FROM THE EDITOR'S PEN /
Lucy in The Sky
last night, as I was returning from a whirlwind two
days at the annual N4A conference in Nashville, I
found myself sitting next to a retired pharmacist
who was returning from his niece’s funeral.
After some brief pleasantries, such as
marveling at the lung capacity of the children
traveling with us, I slipped on my headset and
replaced the rest of the airplane noise with music.
after the flight attendant called for all seats to
be raised to their upright positions, I resumed my
conversation with my row mate. He related that he had been worried about his
sister Lucy’s mental acuity even before her daughter
had taken ill. Lucy had always picked him up at the local
airport when he would visit her; but in recent
years, she had stopped because now she frequently
lost her way in the city where she had lived for
more than thirty years and would have to call for
someone to pick her up. Her family (another daughter is a clinical
psychologist) was concerned, but no one knew what
steps to take.
had just spent time with the Area Agency on Aging
director for his sister’s city at the conference,
and told him that his first step was to call the
organization, as well as the local Alzheimer’s
Association, to see what services are available for
his sister and her family. Luckily, Lucy’s city is also home to a
leading Alzheimer’s diagnostics center, and I told
him to make sure she went for an appropriate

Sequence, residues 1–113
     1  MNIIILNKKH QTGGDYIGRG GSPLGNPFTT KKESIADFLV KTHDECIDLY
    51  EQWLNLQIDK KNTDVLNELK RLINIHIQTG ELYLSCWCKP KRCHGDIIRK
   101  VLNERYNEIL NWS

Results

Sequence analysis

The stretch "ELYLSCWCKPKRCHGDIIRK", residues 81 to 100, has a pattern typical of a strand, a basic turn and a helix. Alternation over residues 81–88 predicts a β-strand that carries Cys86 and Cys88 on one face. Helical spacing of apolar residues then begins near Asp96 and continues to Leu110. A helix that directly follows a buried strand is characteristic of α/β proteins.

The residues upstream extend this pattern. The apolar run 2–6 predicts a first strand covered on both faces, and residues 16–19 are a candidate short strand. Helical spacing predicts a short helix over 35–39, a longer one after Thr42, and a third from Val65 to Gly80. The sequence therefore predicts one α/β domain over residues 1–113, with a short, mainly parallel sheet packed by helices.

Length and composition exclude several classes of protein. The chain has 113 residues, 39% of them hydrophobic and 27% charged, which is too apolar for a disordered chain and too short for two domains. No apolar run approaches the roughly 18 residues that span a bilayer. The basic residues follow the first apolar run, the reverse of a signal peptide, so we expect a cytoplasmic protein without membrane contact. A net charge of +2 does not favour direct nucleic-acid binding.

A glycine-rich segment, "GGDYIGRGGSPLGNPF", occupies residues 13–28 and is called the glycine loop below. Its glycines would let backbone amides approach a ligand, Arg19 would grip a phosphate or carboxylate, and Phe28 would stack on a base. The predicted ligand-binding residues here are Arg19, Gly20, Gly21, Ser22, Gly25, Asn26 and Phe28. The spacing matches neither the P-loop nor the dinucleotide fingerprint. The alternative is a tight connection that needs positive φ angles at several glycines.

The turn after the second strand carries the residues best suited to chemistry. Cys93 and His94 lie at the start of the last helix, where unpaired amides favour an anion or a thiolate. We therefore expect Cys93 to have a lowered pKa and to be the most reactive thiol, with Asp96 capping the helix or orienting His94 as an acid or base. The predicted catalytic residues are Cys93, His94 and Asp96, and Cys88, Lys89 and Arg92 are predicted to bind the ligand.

neurological evaluation as soon as possible.
This family was aware, able and interested in
taking the steps to help Lucy; but even with all of
the healthcare professionals in the family, they
were still paralyzed about what steps to take and in
what order to take them.
occurred to me that taking these first tentative
steps to determining if a loved one has a cognitive
disorder is very much like creating a medical plan
of action. Diagnose, assess and prescribe. First, the diagnosis was made (there was
something amiss with mom); then the assessment of
what steps to take (what are the available
diagnostic options and community resources?); and,
finally, the prescription (how do you help your
loved one realize that an assessment is made not to
create a loss of independence, but to be able to
retain as much independence as possible? who will go
with mom for the testing? and what are the family
plans if the test results shows signs of a cognitive
important of all is to put a timeline to these
steps. This family (including Lucy) has been
discussing the signs of her possible memory
challenges for at least four years. Our conversation must have crystallized
things for him as he said that he was going to spend
next week putting a plan in place.
that’s music to my ears.